Over the years, a number of specialized image processing benchmarks (such as the Abingdon Cross) have been attempted, but these have flaws as well. Most designers determine a set of characteristic benchmarks that will allow them to evaluate the new technology. The 80/20 rule is often used to define a benchmark for the 20% of the code that is executed 80% of the time.
Starting with the microarchitecture of the cpu, the selected processor should be able to implement the chosen algorithms very efficiently. Short-pipelined cpus typically have fewer pipeline stalls, resulting in more-efficient use of chip resources. Very efficient context switching is required during task switching (such as interrupt handling) for embedded systems. A long pipe increases the time to get things going again. A lockable instruction cache prevents swapping of the needed interrupt service routines for fast interrupt handling. Power PC instruction set architecture processors have been optimized to address these embedded issues. This optimization makes them ideally suited for data manipulation while they still perform general-purpose functions.
The AltiVec (Motorola) single-instruction multiple-data (SIMD) processing unit found on G4-series processors can be used to increase the speed of certain classes of algorithms. This processing unit handles data as input and output streams. The data are stored into a set of vector registers (rather than scalar) and processed in chunks. For example, eight half-word (16 bit) signed integers can be processed simultaneously. Although mileage may vary, real implementations have performance increases of 5–10x over conventionally coded algorithms. And the scalar processing resources are still available. Algorithms such as fast Fourier transforms (FFTs), convolution, and other spatial operators can benefit greatly from this on-chip resource.
Embedded systems typically have other specialized requirements that are not found in a typical desktop system. For example, large chunks of data need to be moved quickly in many applications. This is best implemented with direct memory access (DMA) functionality. For example, Motorola's Power Plus architecture includes specialized resources that provide a generalized DMA function across the PCI bus and VMEbus. Other examples include hardware timers and prioritized interrupt mechanisms for software support.
One-way to attain more processing performance is to take advantage of a system bus. Additional processors can be installed in the system as compute notes. Each processor can be dedicated to a given task, and the workload can be distributed. Communications and coordination can take place over the bus, Ethernet, or other system-management buses. If necessary, third-party or proprietary boards can be integrated into the final system.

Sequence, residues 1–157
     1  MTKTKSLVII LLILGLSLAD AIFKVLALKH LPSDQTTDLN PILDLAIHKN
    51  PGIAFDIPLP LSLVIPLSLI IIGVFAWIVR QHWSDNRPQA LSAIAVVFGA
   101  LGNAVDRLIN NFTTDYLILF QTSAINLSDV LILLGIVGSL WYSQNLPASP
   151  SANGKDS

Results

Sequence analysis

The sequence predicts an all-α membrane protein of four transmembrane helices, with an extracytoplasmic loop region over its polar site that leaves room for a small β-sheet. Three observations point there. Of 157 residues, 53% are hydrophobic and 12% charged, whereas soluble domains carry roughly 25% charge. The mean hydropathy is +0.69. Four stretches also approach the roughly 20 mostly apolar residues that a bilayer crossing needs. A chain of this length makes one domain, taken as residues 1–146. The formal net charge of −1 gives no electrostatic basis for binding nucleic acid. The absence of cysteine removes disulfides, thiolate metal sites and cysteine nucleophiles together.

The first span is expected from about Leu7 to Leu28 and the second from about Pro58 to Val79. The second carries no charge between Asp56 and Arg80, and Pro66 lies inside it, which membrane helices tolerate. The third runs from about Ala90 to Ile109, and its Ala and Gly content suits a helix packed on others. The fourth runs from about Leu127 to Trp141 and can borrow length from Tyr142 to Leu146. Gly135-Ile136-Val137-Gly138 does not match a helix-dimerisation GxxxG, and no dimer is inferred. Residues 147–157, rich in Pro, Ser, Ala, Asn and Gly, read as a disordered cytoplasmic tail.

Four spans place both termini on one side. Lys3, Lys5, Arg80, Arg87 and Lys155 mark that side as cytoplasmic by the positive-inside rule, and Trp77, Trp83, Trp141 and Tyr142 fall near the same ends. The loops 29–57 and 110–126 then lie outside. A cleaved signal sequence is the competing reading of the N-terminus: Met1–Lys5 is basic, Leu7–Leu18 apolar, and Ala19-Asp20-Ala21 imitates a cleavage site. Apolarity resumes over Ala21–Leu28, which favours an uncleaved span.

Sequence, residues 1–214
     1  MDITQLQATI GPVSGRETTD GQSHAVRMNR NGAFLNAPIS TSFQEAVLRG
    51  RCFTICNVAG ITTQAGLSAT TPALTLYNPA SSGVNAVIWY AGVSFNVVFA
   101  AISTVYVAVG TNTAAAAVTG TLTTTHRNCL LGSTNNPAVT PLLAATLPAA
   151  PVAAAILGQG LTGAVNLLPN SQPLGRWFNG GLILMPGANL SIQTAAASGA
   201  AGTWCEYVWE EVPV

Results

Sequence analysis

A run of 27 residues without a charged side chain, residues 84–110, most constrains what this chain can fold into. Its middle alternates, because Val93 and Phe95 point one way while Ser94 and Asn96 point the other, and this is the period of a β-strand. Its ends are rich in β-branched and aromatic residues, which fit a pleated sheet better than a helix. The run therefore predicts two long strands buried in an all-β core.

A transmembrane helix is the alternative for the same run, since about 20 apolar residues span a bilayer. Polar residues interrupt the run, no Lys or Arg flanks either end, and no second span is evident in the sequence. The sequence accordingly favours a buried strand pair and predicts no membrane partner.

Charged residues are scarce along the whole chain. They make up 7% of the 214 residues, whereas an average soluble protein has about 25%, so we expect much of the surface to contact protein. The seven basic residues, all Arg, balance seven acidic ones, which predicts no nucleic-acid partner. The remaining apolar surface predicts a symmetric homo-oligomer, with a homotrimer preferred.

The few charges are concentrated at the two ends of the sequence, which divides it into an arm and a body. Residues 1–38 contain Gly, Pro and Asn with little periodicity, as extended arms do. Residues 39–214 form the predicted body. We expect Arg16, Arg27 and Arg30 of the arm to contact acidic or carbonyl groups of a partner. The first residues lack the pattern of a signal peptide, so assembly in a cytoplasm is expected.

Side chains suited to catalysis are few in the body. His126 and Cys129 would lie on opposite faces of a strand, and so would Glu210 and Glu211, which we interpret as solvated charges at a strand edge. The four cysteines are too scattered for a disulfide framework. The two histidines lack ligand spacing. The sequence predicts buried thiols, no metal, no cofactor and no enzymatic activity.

This concept can be extended in a number of directions. For example, the Processor PMC (PrPMC) concept allows the use of monarch- and nonmonarch-mode processors. A PrPMC can be mounted to a PMC site on an SBC allowing two processors to work on the data stream on a given board. These concepts are supported by many real-time operating systems vendors.
Another way to increase processing horsepower is to use multiple processors in a symmetric multiprocessing (SMP) fashion under an operating system that supports this (such as Linux). Processors can be clustered to achieve even higher computing power.
A final comment regarding processor selection is in order. Processing requirements often change during development either to meet performance criteria or to meet cost-reduction requirements. Final selection of the processor is often made late in the development process but before clinical trials begin. Availability of different speed and memory configurations allow these decisions to be made later in the design cycle with minimal impact and risk.
If this platform is the last computing platform in the chain, then the data are typically ready for final display. Although this step can be viewed as a special case of output, in the medical world, displaying data typically gets special treatment. The display section takes the data set and formats it so that it is conducive for operators to view it. The display can range from a set of monitors displaying real-time data during surgery to a small, single display used for a simple go/ no-go check. Some systems have no display requirement, particularly if the data are displayed downstream by another device.
Along with this, the system usually has a user interface that can be as simple as a touchpad or as complex as a workstation console. Interface selection depends on the complexity of the task being performed. Many devices have multiple user interfaces. Some interface boxes do not have a dedicated user interface at all, but rather accomplish connectivity through other means such as a Web browser.
For medical imaging, a specialized requirement is often for the system to be able to provide a hard copy of the image data. Even though soft-copy diagnoses are becoming acceptable, the vast majority of radiologists use film on a light box for diagnosis. A lower-quality output device could be used for referral purposes. In the past, this function was performed with a camera and photographic film, but now specialized laser imagers are used to directly output data to film media.